Start by making an appointment with your family doctor or a gynecologist if you have any signs or symptoms that worry you. If it's determined that you have vaginal cancer, you'll likely be referred to a doctor who specializes in cancers of the female reproductive system (gynecologic oncologist).
Because appointments can be brief and there's often a lot of ground to cover, it's a good idea to be well prepared. Here's some information to help you get ready, and what you can expect from your doctor.
What you can do
- Write down any symptoms you're experiencing, including any that may seem unrelated to the reason for which you scheduled the appointment.
- Write down key personal information, including any major stresses or recent life changes.
- Make a list of all medications, vitamins or supplements that you're taking.
- Ask a family member or friend to come with you. Sometimes it can be difficult to absorb all the information provided during an appointment. Someone who accompanies you may remember something that you missed or forgot.
- Write down questions to ask your doctor.
Your time with your doctor is limited, so preparing a list of questions ahead of time can help you make the most of your time together. List your questions from most important to least important in case time runs out. For vaginal cancer, some basic questions to ask your doctor include:
- What's the most likely cause of my symptoms?
- Are there any other possible causes for my symptoms?
- What kinds of tests do I need?
- What types of treatments are available? What kinds of side effects can I expect from each treatment? How will these treatments affect my sexuality?
- What do you think is the best course of action for me?
- What are the alternatives to the primary approach that you're suggesting?
- I have these other health conditions. How can I best manage them together?
- Are there any restrictions that I need to follow?
- Has my cancer spread? What stage is it?
- What's my prognosis?
- Should I see a specialist? What will that cost, and will my insurance cover it?
- Are there brochures or other printed material that I can take with me? What websites do you recommend?
In addition to the questions that you've prepared in advance, don't hesitate to ask questions as they occur to you during your appointment.
What to expect from your doctor
Your doctor will likely have a number of questions for you. If you're ready to answer them, it may help make time for additional questions you may have. Your doctor may ask:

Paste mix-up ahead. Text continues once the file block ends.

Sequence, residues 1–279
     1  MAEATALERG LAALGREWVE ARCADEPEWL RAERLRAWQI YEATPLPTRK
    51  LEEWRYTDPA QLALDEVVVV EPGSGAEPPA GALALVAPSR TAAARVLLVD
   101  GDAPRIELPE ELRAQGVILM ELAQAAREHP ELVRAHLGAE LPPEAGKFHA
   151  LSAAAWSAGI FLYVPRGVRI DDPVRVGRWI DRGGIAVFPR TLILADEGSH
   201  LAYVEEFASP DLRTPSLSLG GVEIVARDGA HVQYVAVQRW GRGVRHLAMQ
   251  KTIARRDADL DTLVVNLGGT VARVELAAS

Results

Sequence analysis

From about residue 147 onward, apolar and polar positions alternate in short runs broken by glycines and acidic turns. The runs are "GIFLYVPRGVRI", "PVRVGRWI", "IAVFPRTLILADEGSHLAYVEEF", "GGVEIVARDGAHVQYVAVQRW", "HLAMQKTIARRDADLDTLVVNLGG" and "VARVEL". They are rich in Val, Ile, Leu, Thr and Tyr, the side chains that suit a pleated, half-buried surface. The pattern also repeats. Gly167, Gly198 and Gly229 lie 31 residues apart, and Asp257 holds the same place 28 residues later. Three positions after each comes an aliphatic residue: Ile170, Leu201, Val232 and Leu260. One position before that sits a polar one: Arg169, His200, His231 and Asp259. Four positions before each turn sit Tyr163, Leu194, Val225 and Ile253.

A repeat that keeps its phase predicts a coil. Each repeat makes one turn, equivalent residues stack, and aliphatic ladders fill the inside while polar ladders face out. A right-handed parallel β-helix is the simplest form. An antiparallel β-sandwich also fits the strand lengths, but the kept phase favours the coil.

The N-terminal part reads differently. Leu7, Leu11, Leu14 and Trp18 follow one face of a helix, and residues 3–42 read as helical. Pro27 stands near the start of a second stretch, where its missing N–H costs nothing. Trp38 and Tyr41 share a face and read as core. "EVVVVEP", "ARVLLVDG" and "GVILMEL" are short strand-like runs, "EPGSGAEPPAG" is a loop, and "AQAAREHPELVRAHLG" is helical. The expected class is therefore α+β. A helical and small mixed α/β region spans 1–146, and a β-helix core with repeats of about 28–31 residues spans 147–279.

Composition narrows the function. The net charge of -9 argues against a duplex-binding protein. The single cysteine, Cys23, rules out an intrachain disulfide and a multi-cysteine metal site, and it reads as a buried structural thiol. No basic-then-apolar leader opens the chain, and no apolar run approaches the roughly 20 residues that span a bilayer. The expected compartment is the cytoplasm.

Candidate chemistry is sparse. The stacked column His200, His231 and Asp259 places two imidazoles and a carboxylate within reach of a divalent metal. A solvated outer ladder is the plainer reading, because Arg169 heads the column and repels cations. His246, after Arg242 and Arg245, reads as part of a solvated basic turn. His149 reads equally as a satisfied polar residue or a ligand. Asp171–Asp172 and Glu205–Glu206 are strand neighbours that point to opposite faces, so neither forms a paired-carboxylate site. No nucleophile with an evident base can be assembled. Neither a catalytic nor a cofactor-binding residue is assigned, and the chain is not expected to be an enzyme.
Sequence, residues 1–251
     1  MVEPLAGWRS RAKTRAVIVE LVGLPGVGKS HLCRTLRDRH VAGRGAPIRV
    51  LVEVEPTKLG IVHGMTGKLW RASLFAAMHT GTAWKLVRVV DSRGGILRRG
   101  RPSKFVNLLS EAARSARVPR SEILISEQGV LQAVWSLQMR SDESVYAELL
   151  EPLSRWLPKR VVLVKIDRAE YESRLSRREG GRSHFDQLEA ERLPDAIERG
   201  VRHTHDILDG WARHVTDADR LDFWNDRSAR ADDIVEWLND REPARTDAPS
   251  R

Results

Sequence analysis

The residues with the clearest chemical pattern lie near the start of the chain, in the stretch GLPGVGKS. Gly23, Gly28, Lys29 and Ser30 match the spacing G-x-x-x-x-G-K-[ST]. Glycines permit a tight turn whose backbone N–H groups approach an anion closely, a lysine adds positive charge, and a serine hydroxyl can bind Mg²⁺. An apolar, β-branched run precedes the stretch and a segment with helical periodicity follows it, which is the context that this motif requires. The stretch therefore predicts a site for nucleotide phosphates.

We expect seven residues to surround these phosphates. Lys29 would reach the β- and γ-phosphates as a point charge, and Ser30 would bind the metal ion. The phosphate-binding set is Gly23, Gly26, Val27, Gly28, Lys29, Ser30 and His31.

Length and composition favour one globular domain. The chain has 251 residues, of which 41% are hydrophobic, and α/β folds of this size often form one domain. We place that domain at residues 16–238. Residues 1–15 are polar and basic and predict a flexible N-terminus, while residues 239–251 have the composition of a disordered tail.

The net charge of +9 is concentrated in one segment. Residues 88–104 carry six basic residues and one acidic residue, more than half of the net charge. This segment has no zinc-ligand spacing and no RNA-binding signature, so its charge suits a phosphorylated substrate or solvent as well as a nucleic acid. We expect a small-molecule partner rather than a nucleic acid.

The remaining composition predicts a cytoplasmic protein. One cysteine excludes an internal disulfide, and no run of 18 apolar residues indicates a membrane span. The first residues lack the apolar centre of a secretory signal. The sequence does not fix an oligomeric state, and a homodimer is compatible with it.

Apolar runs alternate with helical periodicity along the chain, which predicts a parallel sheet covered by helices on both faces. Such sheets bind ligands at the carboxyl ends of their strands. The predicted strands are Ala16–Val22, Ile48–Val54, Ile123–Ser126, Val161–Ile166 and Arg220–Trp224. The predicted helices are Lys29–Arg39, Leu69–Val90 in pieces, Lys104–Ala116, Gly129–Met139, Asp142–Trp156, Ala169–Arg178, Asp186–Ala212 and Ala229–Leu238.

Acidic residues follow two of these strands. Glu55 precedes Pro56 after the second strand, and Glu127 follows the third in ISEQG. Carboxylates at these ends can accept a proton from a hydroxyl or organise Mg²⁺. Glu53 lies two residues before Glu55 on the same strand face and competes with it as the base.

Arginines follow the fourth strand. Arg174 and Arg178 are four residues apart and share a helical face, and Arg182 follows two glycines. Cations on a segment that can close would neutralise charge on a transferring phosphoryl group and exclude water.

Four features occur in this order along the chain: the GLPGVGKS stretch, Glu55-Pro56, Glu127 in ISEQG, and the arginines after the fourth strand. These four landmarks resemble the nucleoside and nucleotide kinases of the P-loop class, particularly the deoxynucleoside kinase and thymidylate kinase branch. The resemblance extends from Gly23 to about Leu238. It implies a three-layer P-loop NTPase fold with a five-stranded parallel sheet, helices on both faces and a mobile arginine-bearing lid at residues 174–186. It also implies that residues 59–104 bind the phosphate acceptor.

Apr. 27, 2013
- When did you begin experiencing symptoms?
- Have your symptoms been continuous or occasional?
- How severe are your symptoms?
- What, if anything, seems to improve your symptoms?
- What, if anything, appears to worsen your symptoms?
- Do you know if your mother took DES when she was pregnant with you?
- Do you have any personal history of cancer?
- Have you ever been told you have HPV?
- Have you ever had an abnormal Pap test?
- Abeloff MD, et al. Abeloff's Clinical Oncology. 4th ed. Philadelphia, Pa.: Churchill Livingstone Elsevier; 2008. http://www.mdconsult.com/das/book/body/208746819-4/0/1709/0.html. Accessed Jan. 28, 2013.
- Vaginal cancer treatment (PDQ). National Cancer Institute. http://www.cancer.gov/cancertopics/pdq/treatment/vaginal/patient. Accessed Jan. 28, 2013.
- Lentz GM, et al. Comprehensive Gynecology. 6th ed. Philadelphia, Pa.: Mosby Elsevier; 2012. http://www.mdconsult.com/books/linkTo?type=bookPage&isbn=978-0-323-06986-1&eid=4-u1.0-B978-0-323-06986-1..C2009-0-48752-X--TOP. Accessed Jan. 28, 2013.
- Hoffman BL, et al. Williams Gynecology. 2nd ed. New York, N.Y.: The McGraw-Hill Companies; 2012. http://accessmedicine.com/resourceTOC.aspx?resourceID=768. Accessed Jan. 28, 2013.
- Total pelvic exenteration. American Cancer Society. http://www.cancer.org/treatment/treatmentsandsideeffects/physicalsideeffects/sexualsideeffectsinwomen/sexualityforthewoman/sexuality-for-women-with-cancer-tot-pelvic-exenterat. Accessed Jan. 28, 2013.
- Taking time: Support for people with cancer. National Cancer Institute. http://www.cancer.gov/cancertopics/takingtime. Accessed Jan. 29, 2013.
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